In Memory of the Fallen

Posted on November 5, 2009 by | Posted in about LibriVox, For Volunteers, News, Weekly Picks | Comments: 8 Comments on In Memory of the Fallen

As we approach the 91st anniversary of the Armistice that ended major hostilities in the First World War, this week’s picks are in remembrance of all those who served in the defence of their countries.

LibriVox recordings are Public Domain in the USA. Some of these works may not be in the Public Domain in countries where copyright extends for a period of 50-70 years after the author’s death. Please check copyright laws in your own country before downloading, otherwise you may be violating copyright laws.

We have released two new audiobooks this week: A School History of the Great War, which includes European history leading up to the war and reasons for America’s eventual entry into the war, and Diary of a Nursing Sister on the Western Front 1914-1915, a most moving account of a British nurse’s experiences during the first year of World War One.

In some of our weekly poetry projects, where a particular poem is read by a variety of readers, you will find works by some of the most distinguished war poets:

During the week commencing November 8th, why not come and join us in making your own recording of The Soldier by Rupert Brooke?

There is a rich variety of books written about the First World War. Here are some suggestions:

Two books by James Norman Hall: High Adventure A Narrative of Air Fighting in France and Kitchener’s Mob Adventures of an American in the British Army.

Four Weeks in the Trenches by Fritz Kreisler, the famed violinist’s account of his service on the Russian Front.

Canada’s Hundred Days: With the Canadian Corps from Amiens to Mons, Aug. 8 – Nov. 11, 1918. Part One. Amiens by John Frederick Livesay.

The Escape of a Princess Pat by George Pearson, an account of the capture, imprisonment and final escape of Corporal Edwards, of the Princess Patricia’s Canadian Light Infantry.

Brieven van den nutteloozen toeschouwer, a series of newspaper columns in Dutch, written by well-known Dutch author Louis Couperus in 1914, during the first weeks of World War I.

In the Field (1914-1915) by Marcel Dupont, “a modest Lieutenant of Chasseurs”.

Over the Top by Arthur Empey, an account of the horror of trench warfare. As a little light relief, this also includes Empey’s popular “Tommy’s Dictionary of the Trenches” which humorously demystifies the slang used by the British soldier.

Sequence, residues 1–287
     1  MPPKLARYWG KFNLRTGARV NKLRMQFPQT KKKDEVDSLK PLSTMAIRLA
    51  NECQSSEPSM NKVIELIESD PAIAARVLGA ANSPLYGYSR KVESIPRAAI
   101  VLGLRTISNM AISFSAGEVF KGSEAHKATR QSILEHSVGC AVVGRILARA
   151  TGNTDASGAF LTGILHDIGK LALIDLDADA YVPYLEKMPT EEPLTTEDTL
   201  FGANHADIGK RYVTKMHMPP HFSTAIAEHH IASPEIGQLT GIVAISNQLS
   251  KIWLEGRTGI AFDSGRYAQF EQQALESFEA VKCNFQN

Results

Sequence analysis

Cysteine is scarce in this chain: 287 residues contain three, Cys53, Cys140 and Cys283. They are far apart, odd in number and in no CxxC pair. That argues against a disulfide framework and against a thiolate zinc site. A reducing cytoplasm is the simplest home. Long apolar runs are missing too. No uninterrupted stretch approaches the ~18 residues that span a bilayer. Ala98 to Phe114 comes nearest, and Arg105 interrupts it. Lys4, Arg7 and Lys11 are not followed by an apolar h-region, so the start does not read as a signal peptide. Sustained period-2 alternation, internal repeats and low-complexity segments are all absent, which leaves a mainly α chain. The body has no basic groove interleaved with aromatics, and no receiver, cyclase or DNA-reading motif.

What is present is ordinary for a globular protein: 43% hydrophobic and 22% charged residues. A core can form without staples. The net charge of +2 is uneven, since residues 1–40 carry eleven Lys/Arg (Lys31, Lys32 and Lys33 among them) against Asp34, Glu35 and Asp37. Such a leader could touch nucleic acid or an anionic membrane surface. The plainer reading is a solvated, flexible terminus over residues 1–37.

Observations of an Orderly by Ward Muir, who brings us into the heart of an English war hospital, describing scenes of cleanliness, triumph, order and sadness.

There are also a number of interesting items in Short Works Collections, including:



  1. Anonymous says:

    السلام علسكم ورحمة الله وبركاته وشلونكم شخباركوم علومكم وين الناس وين الغيبه على العموم انا بنتضاركوم وين ماترحون انتضركم خلاص يالله سي يو

  2. john says:

    I appreciate that you are putting some light on the sacrifices people have made for us to be free and to protect us. There are too many people who do not show the respect to the military for what they do and the sacrifices they make.

  3. Dave says:

    Thank you for your incredible effort to shed light on the military and the sacrifices they have made for us. They are underpaid and certainly under appreciated to offer to give their lives to protect us.

  4. Rose says:

    You really can not know what sacrifice a soldier makes unless you have been in the trenches of war. I appreciate what every man and woman has given to protect me and my children in their sacrifice. We should hold everyone in the military on a pedistal in reconition of what they do and honor them with respect.

  5. Lindsay says:

    Over the Top was a marvel of a book. It is hard to believe that people had to endure that. I am happy that there are those brave enough to do it for us and sustain our freedom.

  6. larry says:

    I was fascinated with Canada’s hundred days it was a great story thank you for sharing it with me. I really appreciate this site.

  7. lidia says:

    I was facinated by the book High Adventure A Narrative of Air Fighting in France when I read it. You really have a great site here and perform a wonderful service thank you very much.

  8. lidia says:

    I read in the field and was delighted by it. It seems an accurate accounting of the ills of war and is a good reminder to us to keep the kids home and not send them everywhere to be policemen.

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